“Of course, our strategy is well-positioned to benefit from at least part of this rotation. The portfolio’s exposure to tobacco stocks made a significantly positive contribution to performance during the month, as did our exposure to major pharmaceutical companies such as AstraZeneca, GlaxoSmithKline, Roche and AbbVie.

“Indeed, such was the extent of the share price appreciation in some of these businesses, that we reduced the portfolio’s exposure to them, driven by the rapidly evolving valuation opportunity set in the market and our desire to exploit the distressed selling that had disturbed share prices elsewhere in the portfolio. “This was particularly the case for Roche and Reynolds American, both of which remain attractive business but they both moved rapidly to all-time highs in sterling terms and have subsequently been substantially reduced.”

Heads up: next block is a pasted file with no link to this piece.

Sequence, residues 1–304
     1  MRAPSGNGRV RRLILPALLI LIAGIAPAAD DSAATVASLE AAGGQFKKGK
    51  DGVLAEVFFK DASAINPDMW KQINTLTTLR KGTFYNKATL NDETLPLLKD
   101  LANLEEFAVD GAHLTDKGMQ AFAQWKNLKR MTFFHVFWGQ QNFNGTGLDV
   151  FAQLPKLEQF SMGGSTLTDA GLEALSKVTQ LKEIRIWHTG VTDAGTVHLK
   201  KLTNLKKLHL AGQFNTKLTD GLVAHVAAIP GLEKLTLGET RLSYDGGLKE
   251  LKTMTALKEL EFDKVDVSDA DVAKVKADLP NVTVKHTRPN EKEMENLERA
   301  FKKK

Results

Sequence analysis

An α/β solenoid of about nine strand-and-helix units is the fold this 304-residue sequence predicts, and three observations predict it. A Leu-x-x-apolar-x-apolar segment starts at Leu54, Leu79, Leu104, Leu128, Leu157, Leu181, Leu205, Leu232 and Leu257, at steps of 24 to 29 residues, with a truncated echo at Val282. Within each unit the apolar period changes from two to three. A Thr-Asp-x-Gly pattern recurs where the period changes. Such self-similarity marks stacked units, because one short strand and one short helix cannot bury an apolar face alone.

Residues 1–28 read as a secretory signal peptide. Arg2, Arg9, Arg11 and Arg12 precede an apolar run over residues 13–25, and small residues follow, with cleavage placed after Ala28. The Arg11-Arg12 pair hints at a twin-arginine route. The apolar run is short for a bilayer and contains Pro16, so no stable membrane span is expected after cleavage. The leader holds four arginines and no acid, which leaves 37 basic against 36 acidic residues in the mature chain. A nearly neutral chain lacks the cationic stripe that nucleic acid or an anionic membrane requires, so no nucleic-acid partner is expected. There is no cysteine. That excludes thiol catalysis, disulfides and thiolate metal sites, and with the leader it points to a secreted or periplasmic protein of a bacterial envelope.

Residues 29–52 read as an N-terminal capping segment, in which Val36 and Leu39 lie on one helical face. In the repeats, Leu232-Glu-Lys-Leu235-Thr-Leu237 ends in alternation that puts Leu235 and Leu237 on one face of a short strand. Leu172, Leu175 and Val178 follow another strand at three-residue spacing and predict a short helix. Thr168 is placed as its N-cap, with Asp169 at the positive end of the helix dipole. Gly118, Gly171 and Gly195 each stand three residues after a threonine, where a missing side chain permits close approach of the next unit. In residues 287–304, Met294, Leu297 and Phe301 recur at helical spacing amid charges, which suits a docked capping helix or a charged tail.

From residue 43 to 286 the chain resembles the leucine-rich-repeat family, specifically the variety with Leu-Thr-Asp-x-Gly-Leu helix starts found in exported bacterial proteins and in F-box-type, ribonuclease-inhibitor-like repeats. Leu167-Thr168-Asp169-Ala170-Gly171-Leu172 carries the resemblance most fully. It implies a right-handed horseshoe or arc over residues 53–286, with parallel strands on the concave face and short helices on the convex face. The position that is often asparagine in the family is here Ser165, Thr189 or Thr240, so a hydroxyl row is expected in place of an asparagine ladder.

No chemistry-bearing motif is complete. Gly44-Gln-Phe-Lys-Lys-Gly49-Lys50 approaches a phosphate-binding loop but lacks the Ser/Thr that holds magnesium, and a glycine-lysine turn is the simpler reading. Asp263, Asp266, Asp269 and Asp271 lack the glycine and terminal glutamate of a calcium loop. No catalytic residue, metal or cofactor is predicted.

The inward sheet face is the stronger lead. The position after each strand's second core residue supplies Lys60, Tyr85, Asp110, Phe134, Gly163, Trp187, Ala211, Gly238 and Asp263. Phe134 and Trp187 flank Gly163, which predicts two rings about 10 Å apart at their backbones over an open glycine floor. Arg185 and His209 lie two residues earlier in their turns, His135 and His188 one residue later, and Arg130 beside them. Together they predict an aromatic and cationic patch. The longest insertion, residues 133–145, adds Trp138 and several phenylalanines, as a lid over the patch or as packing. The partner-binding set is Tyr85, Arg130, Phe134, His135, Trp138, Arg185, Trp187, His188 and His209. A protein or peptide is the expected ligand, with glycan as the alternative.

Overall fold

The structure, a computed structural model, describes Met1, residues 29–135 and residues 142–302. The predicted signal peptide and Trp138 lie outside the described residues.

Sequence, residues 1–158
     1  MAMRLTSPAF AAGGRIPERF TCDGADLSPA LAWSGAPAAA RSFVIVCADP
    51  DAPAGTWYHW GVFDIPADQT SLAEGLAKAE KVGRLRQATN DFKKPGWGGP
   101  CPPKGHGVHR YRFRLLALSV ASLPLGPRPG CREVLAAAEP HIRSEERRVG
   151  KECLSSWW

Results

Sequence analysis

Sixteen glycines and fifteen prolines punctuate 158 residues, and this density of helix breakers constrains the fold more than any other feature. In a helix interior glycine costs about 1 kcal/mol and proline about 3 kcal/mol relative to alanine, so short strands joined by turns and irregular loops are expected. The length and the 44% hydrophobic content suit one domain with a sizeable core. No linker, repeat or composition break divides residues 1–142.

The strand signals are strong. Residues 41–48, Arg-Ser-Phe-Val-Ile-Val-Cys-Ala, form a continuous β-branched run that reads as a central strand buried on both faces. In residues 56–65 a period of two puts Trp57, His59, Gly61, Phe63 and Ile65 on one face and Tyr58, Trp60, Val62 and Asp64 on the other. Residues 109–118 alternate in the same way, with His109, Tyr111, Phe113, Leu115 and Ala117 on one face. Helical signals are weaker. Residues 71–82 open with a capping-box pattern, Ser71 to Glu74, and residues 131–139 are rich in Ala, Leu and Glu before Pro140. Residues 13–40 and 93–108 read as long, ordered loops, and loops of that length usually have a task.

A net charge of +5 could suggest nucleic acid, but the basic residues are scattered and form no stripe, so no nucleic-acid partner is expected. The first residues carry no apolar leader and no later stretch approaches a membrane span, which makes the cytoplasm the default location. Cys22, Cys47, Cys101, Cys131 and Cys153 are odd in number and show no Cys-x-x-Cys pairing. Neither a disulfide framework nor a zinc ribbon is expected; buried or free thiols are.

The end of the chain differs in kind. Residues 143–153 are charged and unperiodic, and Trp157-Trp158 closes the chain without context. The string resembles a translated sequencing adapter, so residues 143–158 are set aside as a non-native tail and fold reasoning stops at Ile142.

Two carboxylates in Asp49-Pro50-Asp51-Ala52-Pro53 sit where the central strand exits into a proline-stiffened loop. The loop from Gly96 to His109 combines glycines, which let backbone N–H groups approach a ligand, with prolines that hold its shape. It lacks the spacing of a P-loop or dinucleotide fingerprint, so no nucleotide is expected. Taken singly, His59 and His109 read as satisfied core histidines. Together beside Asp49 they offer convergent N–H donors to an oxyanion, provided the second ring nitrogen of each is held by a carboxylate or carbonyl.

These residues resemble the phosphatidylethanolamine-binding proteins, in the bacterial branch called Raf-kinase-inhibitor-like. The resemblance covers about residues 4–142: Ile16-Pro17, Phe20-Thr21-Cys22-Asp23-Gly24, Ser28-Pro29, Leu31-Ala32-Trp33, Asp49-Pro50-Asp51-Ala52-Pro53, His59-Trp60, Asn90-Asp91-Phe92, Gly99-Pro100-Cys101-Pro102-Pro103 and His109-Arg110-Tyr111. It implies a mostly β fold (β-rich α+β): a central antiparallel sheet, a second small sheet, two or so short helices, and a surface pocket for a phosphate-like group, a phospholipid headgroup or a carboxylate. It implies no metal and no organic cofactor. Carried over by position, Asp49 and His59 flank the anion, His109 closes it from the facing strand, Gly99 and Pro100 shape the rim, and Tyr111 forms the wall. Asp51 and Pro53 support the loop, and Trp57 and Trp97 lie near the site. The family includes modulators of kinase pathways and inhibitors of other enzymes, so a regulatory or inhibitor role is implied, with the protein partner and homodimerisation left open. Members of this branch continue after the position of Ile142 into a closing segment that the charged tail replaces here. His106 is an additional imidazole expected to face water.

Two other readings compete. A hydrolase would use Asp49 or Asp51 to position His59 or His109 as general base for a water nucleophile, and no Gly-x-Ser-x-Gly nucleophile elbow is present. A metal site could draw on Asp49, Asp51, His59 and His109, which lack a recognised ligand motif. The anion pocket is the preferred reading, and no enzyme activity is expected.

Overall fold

Surprise outcome

The surprise outcome of the EU referendum triggered the much anticipated (and, in Woodford’s view, ultimately inevitable) shock to sterling and sharp falls in stock markets across Europe. But despite the extreme market reaction, he reiterated that he doesn’t think that the vote will change the overall trajectory of the economy.

In the short term, the UK economy may slow a bit more than it otherwise would have done, but policy measures, both explicit (looser monetary and fiscal policy) and implicit (sterling devaluation), should mean recession is avoided, he pointed.

“Both the UK and the world face far greater challenges than Brexit, with ebbing global growth, excessive debt, stagnant productivity, deteriorating demographics across developed economies and continued signs of a troublingly prolonged slowdown in China,” said Woodford.

Click here, to view the last video interview with Neil Woodford and to read his latest monthly statement in full.

ABOUT THE AUTHOR
Gary Robinson
Deputy Editor, International Investment and Head of Video at Open Door Media Publishing. A fully qualified journalist and filmmaker with more than 20 years' financial services experience, both as journalist and originally as an IFA.

Read more from Gary Robinson